“Madness,” Mike Murphy, a longtime GOP consultant, tweeted on Sunday, linking to a Des Moines Register story on the visit. The Iowa Republican caucus, Murphy said, “would eat him alive.”
Yup, Brown sure has built up a lot of good will within the party over the last several months.
Anyway, I bring all of this up in order to say that Brown actually did one very good thing for Massachusetts politics (besides lose): he agreed to the People’s Pledge with Elizabeth Warren. That agreement, of course, succeeded in keeping what would otherwise have been an unbearable barrage of third-party ads off the airwaves in Massachusetts, despite the race’s being the country’s highest-profile Senate contest. That was a remarkable feat, and it is continuing to bear fruit.
How so? Look at what just happened in the race for Mayor of Boston. An outside special-interest group decided, after considering several candidates who had actively sought the group’s endorsement, that they liked John Connolly best. So they decided to go all-in for him, committing to spend $500,000 on the race. Pre-People’s Pledge, nobody would have batted an eyelash. The candidates who lost out might have complained, but nobody would have listened, and the campaign would have moved ahead.
Instead, following a remarkable 24 hours of public shaming, Connolly told the group (“Stand for Children”) to get lost.
“The first I learned about the $500,000 independent expenditure is when I read about it in the newspaper,” Connolly said during a Wednesday morning press conference at City Hall. “I did not request any contribution and I do not want any contribution.”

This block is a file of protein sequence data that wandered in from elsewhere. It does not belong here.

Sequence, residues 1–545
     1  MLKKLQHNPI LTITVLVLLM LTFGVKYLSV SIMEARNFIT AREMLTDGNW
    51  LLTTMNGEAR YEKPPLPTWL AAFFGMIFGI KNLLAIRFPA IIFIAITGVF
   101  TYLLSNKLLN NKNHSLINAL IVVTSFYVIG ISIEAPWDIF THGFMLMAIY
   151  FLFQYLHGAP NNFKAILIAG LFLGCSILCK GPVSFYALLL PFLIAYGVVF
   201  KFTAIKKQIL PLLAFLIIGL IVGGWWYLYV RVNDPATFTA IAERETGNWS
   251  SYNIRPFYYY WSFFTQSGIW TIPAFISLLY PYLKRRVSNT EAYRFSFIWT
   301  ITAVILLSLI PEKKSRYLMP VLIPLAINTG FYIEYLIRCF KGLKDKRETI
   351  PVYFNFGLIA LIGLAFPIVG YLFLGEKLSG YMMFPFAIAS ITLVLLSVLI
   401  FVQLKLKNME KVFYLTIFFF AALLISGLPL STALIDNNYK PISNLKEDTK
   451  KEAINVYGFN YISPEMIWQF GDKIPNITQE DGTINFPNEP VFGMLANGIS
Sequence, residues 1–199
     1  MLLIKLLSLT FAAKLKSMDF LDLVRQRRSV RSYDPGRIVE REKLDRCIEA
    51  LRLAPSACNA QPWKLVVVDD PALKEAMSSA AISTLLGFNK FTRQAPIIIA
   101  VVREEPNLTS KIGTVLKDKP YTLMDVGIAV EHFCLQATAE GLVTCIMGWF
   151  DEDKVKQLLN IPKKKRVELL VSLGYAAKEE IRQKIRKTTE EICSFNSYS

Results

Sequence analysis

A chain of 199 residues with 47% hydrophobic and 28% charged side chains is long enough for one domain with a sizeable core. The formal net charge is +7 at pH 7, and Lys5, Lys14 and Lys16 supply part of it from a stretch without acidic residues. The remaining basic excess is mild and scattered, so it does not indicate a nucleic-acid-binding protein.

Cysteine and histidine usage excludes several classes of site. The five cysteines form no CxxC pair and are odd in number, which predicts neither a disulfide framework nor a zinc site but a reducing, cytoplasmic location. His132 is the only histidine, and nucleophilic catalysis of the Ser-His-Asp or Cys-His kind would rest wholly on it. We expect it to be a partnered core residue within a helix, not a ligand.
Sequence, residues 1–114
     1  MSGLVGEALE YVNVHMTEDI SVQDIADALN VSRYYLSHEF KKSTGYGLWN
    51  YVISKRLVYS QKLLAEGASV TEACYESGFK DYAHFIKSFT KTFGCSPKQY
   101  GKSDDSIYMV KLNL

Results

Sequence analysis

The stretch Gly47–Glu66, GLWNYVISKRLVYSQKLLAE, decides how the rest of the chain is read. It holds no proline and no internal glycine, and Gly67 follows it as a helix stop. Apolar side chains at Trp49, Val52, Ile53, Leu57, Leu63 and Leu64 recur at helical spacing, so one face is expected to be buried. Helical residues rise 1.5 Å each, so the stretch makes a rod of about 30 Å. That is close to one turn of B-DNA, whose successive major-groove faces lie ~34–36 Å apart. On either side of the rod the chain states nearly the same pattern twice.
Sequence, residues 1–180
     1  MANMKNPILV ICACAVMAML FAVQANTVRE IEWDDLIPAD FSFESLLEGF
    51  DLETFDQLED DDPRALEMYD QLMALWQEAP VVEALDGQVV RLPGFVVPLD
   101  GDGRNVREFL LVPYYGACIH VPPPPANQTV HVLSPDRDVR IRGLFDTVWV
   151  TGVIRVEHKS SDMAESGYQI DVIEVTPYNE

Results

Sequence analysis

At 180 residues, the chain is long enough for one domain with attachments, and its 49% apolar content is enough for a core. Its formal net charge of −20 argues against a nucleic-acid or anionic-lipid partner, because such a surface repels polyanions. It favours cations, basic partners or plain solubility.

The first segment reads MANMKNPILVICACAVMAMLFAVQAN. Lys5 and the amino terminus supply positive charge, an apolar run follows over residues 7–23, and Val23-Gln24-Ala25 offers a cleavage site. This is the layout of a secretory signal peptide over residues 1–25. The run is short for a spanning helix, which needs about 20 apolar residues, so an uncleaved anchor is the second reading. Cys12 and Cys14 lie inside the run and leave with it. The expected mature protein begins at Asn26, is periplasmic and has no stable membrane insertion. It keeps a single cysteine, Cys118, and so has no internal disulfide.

Now, we can all chuckle at the notion that Connolly – and the others who actively sought the group’s endorsement, notably including Dan Conley – are shocked! shocked! that this group actually planned to spend money on the race! To the contrary, we are told, for example, that Conley, in his meeting seeking the group’s endorsement, “urged them to stick to issue advocacy, and not to spend any money on behalf of any candidate, himself or otherwise.” Please.
But the point is that, were it not for the People’s Pledge having worked as well as it did, this would not be an issue. Third-party spending would be treated here, as it is still treated everywhere else, as par for the course; a perhaps regrettable but unavoidable fact of modern campaigns about which nothing can be done. But something can be done: the People’s Pledge largely kept third-party money out of the Warren/Brown Senate race, and it worked so well that now, even though there is no comparable agreement in place for the race for Mayor, third-party money has become politically toxic. It’s fair to observe that candidates do continue to gratefully accept the assistance, financial and otherwise, of certain other third-party groups, but nonetheless, at least in Massachusetts, the paradigm has begun to shift.
That’s a very good thing, and we have Scott Brown (as well as Elizabeth Warren) to thank for it, since his agreeing to the Pledge probably hurt his reelection chances. So, thanks Scott. Seriously.